July 19, 2019 at 10:14 pm #77633RitaParticipant
I really enjoyed my first course with IDN. I planned to take the Advanced course but also wanted another perspective. I contacted AAMT and asked if I could get my certification through them since it would be my second course. I was told that “We can’t award you with Certification in Dry Needling without you completing both parts through AAMT. What you learned is apples to oranges from what we teach. See attached as two examples for knee OA and PF — you certainly don’t put the needles where we do or have the same rationale”.
Periosteal Electrical Dry Needling as an Adjunct to Exercise and Manual Therapy for Knee Osteoarthritis
I am kind of baffled by the response. I am curious as to what the IDN community feels about the differences and their clinical significance After reading these articles.August 15, 2019 at 4:42 pm #77894NickParticipant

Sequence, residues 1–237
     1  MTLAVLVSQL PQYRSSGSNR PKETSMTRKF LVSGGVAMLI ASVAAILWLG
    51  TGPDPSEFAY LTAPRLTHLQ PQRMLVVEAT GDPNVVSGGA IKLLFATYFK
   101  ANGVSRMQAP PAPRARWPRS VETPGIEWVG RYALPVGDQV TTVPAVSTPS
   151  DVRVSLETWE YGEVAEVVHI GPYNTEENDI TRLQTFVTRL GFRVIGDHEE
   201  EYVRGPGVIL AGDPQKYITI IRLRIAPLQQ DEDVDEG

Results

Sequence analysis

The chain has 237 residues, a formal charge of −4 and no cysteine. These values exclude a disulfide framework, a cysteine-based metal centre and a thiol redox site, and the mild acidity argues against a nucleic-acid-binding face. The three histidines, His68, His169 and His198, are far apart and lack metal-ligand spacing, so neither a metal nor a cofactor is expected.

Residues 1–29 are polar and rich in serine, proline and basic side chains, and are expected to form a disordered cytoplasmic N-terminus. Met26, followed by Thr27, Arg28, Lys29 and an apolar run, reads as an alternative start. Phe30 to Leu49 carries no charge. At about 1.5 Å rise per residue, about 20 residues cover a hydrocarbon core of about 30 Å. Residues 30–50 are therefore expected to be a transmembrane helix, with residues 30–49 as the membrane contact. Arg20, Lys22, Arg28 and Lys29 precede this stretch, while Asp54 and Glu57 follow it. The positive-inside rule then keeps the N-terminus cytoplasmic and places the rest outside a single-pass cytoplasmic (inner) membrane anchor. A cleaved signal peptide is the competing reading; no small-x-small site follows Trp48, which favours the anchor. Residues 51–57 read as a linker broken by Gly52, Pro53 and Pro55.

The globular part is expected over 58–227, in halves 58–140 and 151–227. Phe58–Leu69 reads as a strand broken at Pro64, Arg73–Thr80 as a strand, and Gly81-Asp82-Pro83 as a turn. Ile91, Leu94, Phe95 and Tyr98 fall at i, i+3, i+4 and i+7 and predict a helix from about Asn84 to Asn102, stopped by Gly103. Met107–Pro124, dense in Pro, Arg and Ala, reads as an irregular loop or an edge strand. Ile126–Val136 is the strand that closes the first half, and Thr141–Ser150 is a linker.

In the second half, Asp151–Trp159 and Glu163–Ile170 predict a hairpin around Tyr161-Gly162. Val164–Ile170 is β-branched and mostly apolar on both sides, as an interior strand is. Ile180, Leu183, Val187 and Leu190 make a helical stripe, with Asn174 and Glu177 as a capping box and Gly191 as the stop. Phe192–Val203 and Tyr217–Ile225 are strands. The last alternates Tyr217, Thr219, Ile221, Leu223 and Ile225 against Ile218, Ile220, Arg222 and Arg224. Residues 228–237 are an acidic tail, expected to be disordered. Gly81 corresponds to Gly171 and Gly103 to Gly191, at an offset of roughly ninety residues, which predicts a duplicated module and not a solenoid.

I am glad you enjoyed our course and can appreciate your concerns with their response. It is common for courses to require you to take their intro course prior to the next level. We have the same policy. There is no way to know what techniques you may or may not have learned from another course. For example, our course you learn to needle the entire body in the first course. Other courses you may just learn upper or lower in their first course. You also would not get a complete understanding of our local, segmental, systemic model if you weren’t exposed to the first course. In our advanced course we want to really expand the theory that was taught in our first course. Dave, recently referenced to learning how to play baseball. In the first course you learn how to swing, throw and catch. In the advanced course you really learn how to play the game. Our neurologic approach that covers central, paraspinal and local mechanisms of treatment, in my opinion, is the most complete presentation of pain science treatment as we understand it today.
As far as apples and oranges… If you click through the highlighted stories of course photos you will see a photo of joint space needling for the knee with ENS. It is a very successful technique that we have been teaching for years!
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